There must have been great gnashing of teeth in the heavy rock fraternity. Michael Jackson had not only merged music and horror in a stunning record and video, and not only had his horror song/flick sold millions, but he had made the sub-genre cool.
The influence of Thriller could be seen in videos to come. Meatloaf would don fangs and make-up in a future video and Bonnie Tyler’s shoot for Total Eclipse of the Heart featured a gothic mansion and strange children with glowing eyes and an altogether spooky atmosphere.
On the heavy metal scene things were becoming more extreme with the onslaught of Death Metal, basically satanic or horrific lyrics over a thrash metal backing. Purveyors of this new twist on an old theme were bands like Venom, Slayer, White Zombie and, from Denmark, Mercyful Fate. Fate’s lead singer, King Diamond soon broke away to form his own eponymous band. With his Alice Cooper styled face makeup, and supernatural lyrics, he became for a while, the mainstay of this branch of the metal tree, although for Diamond and the others their popularity was limited to a hard core fan following.
The tradition continued with bands like Marilyn Manson, Slipknot and Amen pushing the boundaries of outrage to new levels, and with all of them the line can be drawn back nearly fifty years to an R&B singer climbing from a burning coffin and mesmerising his audience with tales of magic and voodoo.
It is said that Stephen King is a pretty good guitarist, and rock music certainly forms a soundtrack to his work, the lyrics punctuating the text of many of his books. Shaun Hutson had links with Iron Maiden, and James Herbert had his own music room and was known to strum a bit. Musical horror writers… perhaps best left to another article!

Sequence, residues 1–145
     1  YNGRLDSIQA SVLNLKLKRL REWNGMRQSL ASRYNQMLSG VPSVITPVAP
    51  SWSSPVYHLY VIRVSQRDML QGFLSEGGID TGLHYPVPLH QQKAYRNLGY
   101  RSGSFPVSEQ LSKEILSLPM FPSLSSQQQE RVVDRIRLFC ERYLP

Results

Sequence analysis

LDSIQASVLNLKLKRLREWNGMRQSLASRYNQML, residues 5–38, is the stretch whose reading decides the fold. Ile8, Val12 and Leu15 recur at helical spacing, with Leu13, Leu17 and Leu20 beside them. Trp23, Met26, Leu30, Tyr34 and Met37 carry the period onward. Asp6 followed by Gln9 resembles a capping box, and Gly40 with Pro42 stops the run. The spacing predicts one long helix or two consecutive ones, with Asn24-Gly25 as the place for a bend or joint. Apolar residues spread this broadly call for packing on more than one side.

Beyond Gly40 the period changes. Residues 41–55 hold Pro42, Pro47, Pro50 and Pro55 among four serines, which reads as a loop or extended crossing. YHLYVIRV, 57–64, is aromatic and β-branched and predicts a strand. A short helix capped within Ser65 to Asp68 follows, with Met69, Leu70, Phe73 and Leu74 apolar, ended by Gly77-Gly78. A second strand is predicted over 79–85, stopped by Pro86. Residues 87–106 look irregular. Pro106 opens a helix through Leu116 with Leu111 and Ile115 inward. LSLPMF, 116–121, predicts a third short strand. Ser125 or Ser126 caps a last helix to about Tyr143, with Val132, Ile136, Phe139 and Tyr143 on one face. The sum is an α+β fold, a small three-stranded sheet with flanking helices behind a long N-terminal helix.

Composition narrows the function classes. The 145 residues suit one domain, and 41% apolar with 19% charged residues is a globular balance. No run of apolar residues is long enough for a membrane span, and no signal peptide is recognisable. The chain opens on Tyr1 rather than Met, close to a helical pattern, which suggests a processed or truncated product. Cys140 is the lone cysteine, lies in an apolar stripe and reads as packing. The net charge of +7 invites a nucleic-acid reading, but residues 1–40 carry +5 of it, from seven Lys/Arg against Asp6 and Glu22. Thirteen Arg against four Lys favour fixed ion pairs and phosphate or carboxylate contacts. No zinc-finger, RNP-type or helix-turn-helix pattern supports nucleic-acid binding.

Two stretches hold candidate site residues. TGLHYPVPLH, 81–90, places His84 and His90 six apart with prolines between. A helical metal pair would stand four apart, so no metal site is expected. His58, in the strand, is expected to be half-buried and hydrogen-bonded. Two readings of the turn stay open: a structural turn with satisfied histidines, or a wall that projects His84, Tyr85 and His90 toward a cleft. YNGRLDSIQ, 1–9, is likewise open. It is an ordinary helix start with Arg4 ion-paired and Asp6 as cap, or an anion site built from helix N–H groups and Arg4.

As a footnote it’s worth mentioning two bands that didn’t so much use horror in their act, but took their names from horror icons.
Bram Stoker were a UK band, very much in the Uriah Heep mould, but their music was nowhere near as accomplished. They trod the boards briefly in 1972 but quickly vanished without so much as an album to their name.
H.P. Lovecraft on the other hand did record and the albums have become collectors’ items today. Unfortunately despite having songs called At the Mountains of Madness and The Time Machine (a slight case of author mis-identification here we suspect) the music for the most part is bland sixties American pop with thin production and jarring harmonies. One of the albums does though contain the song That’s The Bag I’m In, a truly horrific piece of music, but for all the wrong reasons.
Still Bram Stoker, H.P. Lovecraft. Perhaps one day some enterprising band will name itself L.H. Maynard or then M.P.N. Sims… but then again, maybe not.